TIM HIGGINS: Yeah, you hit it on the head there. The conventional thing was in order for this to be- become something that was viable, car companies were thinking about how they could get scale with the batteries. And in order to do that they needed to sell a lot of them. And how do you sell a lot of cars? You make it affordable. Kind of the idea at that period of time was cost-conscious people would be buying these vehicles, whereas Tesla was thinking in a different way: the trendsetters, the early adoption of the newest technology starts at a higher price point typically. 

Think about the iPhone. The iPhone is very expensive compared to other phones out there and their newest technology starts at the higher price and kind of steps its way down to the masses. And that’s how it actually had been for years in the automotive industry. Think about the way General Motors introduced technology through its Cadillac brand, and then bring it to the masses eventually to Chevrolet. This is how these things occurred, in part, because early adopters are willing to spend more, people who are conscious of little latest trends or want to project who they are through something as cool as a car. They’re willing to spend more. 

So, another insight that Martin Eberhard, who was the founding CEO, had—he was a guy that came out of personal electronics and been steeped in Silicon Valley for a number of years. He was also interested in cars and sports cars and he knew, from personal experience, that if you have a sports car in your garage and it’s not your daily driver, that you’re going to be willing to perhaps overlook some of its eccentricities because it was something cool that you were taking out on the weekends. Maybe just a little bit more willing to forgive. That realization was that the early cars were probably going to be a challenge and they might not be perfect, but people would be willing to overlook that.

That was really very helpful because what you see with those early Roadster buyers, that’s the car that they eventually came out with at Tesla, was that they were very loyal. Some of them were motivated by green technology. But some of them were motivated purely because it was, they thought, a cool car, and they had bought into the brand. These people were very forgiving in the early days, but the car was delayed. It cost more than originally thought it was going to cost and didn’t necessarily have all the refinements you might expect to see in a $100,000 car, but you were buying into something that was perceived as cool.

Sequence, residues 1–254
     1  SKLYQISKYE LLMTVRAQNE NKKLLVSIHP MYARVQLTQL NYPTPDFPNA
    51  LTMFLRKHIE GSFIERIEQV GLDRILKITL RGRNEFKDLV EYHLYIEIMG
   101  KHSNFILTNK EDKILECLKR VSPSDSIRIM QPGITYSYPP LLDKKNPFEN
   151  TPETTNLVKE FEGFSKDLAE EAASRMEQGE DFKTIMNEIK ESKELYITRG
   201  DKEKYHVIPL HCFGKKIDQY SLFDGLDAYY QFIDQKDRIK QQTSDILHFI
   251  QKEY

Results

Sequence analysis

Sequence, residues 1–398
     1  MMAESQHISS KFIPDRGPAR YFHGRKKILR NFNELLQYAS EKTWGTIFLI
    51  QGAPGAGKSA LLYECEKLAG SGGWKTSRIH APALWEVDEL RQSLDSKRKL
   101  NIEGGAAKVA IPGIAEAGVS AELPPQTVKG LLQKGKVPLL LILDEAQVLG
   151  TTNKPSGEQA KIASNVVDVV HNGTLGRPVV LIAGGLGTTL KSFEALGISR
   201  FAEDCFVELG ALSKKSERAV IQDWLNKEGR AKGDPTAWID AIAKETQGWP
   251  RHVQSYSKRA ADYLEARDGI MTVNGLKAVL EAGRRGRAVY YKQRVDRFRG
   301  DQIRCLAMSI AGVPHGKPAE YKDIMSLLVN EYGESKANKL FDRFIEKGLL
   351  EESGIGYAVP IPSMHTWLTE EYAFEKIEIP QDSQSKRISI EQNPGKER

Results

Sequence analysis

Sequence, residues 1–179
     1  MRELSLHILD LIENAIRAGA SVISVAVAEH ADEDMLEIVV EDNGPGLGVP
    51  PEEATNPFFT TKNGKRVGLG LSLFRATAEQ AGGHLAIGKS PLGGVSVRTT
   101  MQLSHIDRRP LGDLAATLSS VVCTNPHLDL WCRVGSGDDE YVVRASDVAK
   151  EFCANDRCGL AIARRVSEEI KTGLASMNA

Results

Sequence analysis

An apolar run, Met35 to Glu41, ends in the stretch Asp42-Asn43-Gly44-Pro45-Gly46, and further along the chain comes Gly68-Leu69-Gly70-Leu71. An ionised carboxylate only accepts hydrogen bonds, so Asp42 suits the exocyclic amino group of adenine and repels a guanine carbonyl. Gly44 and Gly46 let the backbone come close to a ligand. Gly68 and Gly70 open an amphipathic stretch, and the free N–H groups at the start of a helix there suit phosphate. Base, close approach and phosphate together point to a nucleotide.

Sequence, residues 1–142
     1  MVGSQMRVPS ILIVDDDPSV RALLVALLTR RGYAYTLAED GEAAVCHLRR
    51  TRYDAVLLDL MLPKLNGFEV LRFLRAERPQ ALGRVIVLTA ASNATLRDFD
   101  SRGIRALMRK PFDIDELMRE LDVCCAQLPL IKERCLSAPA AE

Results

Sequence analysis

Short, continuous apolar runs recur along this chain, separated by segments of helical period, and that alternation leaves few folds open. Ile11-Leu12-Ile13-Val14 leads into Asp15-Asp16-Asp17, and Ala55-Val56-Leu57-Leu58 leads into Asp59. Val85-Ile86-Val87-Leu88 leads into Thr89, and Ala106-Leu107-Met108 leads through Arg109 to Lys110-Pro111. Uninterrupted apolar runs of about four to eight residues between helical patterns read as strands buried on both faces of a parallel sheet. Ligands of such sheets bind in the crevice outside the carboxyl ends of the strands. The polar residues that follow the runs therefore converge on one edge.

That perception was very critical for Tesla early on, and even to this day because you think about other brands in the automotive industry—Jeep, for example—they’ve created a brand. People are willing to pay extra for it, they’re willing to kind of jump through hoops for it. One of the key things, insights that Tesla had early on was how to make something cool that could also happen to be an electric car. You really see that with the development of their Model S, which is their next vehicle that Elon Musk was really pushing the team to make the best car out there, that just happened to be electric and that there wouldn’t be compromises. That if you are buying it, you weren’t saying “Oh, it’s an electric car, but it’s cool.” You were saying “This is a Model S, it’s cool. And oh yeah, it’s electric too.”

SEAN SPEER: We’ll come back, Tim, before we wrap up, to the issue of the kind of culture and philosophy of Tesla and how it’s wrapped up to its brand in the consumer market.

But maybe one more scene-setting question. You alluded in your last answer, that notwithstanding Musk’s inextricable link with Tesla, it wasn’t his initial conception. He didn’t actually start the company. Do you want to just talk a bit about how Musk came to be involved in Tesla, and how he ultimately took it over?

TIM HIGGINS: Yeah, the founding story of Tesla is messy, it’s not black or white. Musk was interested in the electrification of the automobile. He was thinking about trying to convert a sports car into an electric vehicle. He was having these ideas but his love at that period of time was, and his attention was focused on, his startup—which we know as SpaceX, a rocket company with the idea of taking humanity to Mars—he had set up in Los Angeles. He had created a fortune from his involvement with what we now know as PayPal. And that’s kind of where his life’s work was at that point in time.